Suspected Threat Actors: The Equation Group
Researchers have recently disclosed a detailed analysis of a system called DoubleFeature logging component of DanderSpritz – a full-featured malware framework used by the Equation Group. The DanderSpritz was leaked by The Shadow Brokers in the past, has a modular structure, and contains a wide variety of tools. As per researchers, the framework relies on dozens of various plugins for post-exploitation activities on Windows and Linux hosts. The DoubleFeature is one such plug-in that functions as a “diagnostic tool for victim machines carrying DanderSpritz.” It is designed to maintain logs of the type of tools that could be deployed on a target machine. DoubleFeature is a Python-based dashboard that also acts as a reporting utility to exfiltrate the logging data from the infected machine. Some of the plugins and components used by DoubleFeature include:
Earlier this year, the researchers detailed an exploit dubbed Jian used by Chinese threat actor group APT31 which appeared to take heavy inspiration from an exploit used by the Equation Group – code-named “EpMe”. As per researchers, APT31 had access to EpMe’s files almost 2 years before the Shadow Brokers leak took place. According to researchers the APT group replicated the exploit around 2014, leveraged the exploit in their operations since at least 2015 before it was patched by Microsoft in 2017. The framework which homes the EpMe exploits dates back to 2013 and includes 4 privilege escalation exploits and two of them were zero-day during the framework’s development.
The researchers, back in October had detected an insecure default behavior in the Azure App Service that exposed the source code of customer applications written in PHP, Python, Ruby, or Node, that were deployed using “Local Git”. According to researchers, the vulnerability dubbed as “NotLegit” has existed since September 2017. Microsoft clarified in their response that the vulnerability affected App Service Linux customers who deployed applications using Local Git after files were created or modified in the content root directory. They also note that not all users of Local Git were impacted by the vulnerability and that the Azure App Service Windows was not affected.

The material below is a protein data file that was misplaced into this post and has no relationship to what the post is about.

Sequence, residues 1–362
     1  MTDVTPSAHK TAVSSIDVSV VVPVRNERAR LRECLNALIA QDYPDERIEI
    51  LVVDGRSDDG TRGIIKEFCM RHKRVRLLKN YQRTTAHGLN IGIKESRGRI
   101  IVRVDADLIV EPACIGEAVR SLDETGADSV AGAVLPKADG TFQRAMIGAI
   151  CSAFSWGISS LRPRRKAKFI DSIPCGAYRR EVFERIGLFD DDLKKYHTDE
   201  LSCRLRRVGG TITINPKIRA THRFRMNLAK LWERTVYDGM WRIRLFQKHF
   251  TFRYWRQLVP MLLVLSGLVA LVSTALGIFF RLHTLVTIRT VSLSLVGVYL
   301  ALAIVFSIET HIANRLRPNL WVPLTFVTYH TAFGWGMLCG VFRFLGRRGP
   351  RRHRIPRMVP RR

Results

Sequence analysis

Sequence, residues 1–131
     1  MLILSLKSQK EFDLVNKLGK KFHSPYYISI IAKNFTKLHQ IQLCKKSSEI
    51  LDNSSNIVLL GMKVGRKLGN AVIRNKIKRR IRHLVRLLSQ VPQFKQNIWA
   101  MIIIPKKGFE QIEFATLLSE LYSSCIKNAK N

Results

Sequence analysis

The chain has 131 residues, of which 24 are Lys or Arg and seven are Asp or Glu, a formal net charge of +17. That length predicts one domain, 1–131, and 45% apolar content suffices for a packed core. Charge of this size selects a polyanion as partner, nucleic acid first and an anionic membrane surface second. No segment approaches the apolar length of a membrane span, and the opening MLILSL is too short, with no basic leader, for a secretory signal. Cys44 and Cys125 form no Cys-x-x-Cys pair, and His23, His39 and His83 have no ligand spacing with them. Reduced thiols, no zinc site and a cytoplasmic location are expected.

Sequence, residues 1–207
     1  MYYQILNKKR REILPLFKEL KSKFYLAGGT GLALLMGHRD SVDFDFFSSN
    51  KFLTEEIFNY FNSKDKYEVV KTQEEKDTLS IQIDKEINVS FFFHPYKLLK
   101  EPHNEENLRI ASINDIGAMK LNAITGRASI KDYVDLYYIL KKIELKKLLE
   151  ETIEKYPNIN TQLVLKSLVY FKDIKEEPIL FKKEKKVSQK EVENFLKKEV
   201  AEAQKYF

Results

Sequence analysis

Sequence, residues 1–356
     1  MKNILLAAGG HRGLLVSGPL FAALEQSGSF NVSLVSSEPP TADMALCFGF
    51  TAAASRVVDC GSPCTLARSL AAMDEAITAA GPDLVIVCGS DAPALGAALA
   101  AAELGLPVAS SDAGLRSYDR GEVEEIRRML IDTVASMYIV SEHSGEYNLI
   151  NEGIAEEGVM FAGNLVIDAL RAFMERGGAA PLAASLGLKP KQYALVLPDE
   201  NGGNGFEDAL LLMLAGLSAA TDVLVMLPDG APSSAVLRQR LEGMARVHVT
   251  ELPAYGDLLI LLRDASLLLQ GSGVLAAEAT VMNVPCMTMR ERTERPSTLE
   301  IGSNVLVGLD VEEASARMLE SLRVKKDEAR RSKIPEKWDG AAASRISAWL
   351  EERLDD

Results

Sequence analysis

The exposed .git folder is a critical security issue and may put the organization at risk. Attackers are continuously looking for exposed Git repository for sensitive information which either aids them to perform more sophisticated attacks or steal secrets and intellectual property. Apart from the possibility that such source code may include credentials to critical systems such as passwords and access tokens, the exposed source code itself can be leveraged to recon the organizations, its infrastructure, and identify vulnerabilities – saving the trouble for an attacker looking to launch an attack.
While Microsoft has not clarified the exploitation of this bug in the wild, researchers deployed a vulnerable Azure App Service application to assess the possibility of its exploitation. The researcher observed multiple attempts from unknown actors trying to access the .git folder. Researchers highlight such exploitation methods are extremely easy, common, and under active exploitation.
Shutterfly Inc – American photography, photography products, and image sharing company – has recently suffered a ransomware attack which allegedly encrypted devices and stole corporate data. Reportedly, the incident took place approximately two weeks ago and was perpetrated by the Conti ransomware group who claimed to have “encrypted over 4,000 devices and 120 VMware ESXi servers” demanding millions of dollars as a ransom. Researchers report that the ransomware gang has created a private data leak page for Shutterfly to carry out negotiation as part of its double extortion tactic. The ransomware group is threatening to make this page public if the ransom is not paid. On December 26th, Shutterfly released a statement stating that incident has not impacted their Shutterfly.com, Snapfish, TinyPrints, or Spoonflower websites, however, Lifetouch and BorrowLenses business, Groovebook, manufacturing, and some corporate systems have been experiencing interruptions.
It is unclear as to why the Conti ransomware group is taking an unusual approach to demand ransom by creating a private data leak page one victim organization. It is suspected that the group is expecting a huge payout from this attack at the same time, less media attention which has often backfired for ransomware groups resulting in action from enforcement agencies.
A day after the report of this incident became public, CYFIRMA Researchers observed an advertisement for the sale of Shutterfly data on one of the underground forums.
The unknown threat actor has created the account in mid-December and appears to be of Russian origin as the Conti ransomware group. The threat actor largely invested in looking for “locker affiliates” and “network access” within the forum which indicates a link to ransomware group. The unknown threat actor is looking for affiliates likely to carry out their ransomware operations into various industries including healthcare across the United States, Ukraine, and Switzerland.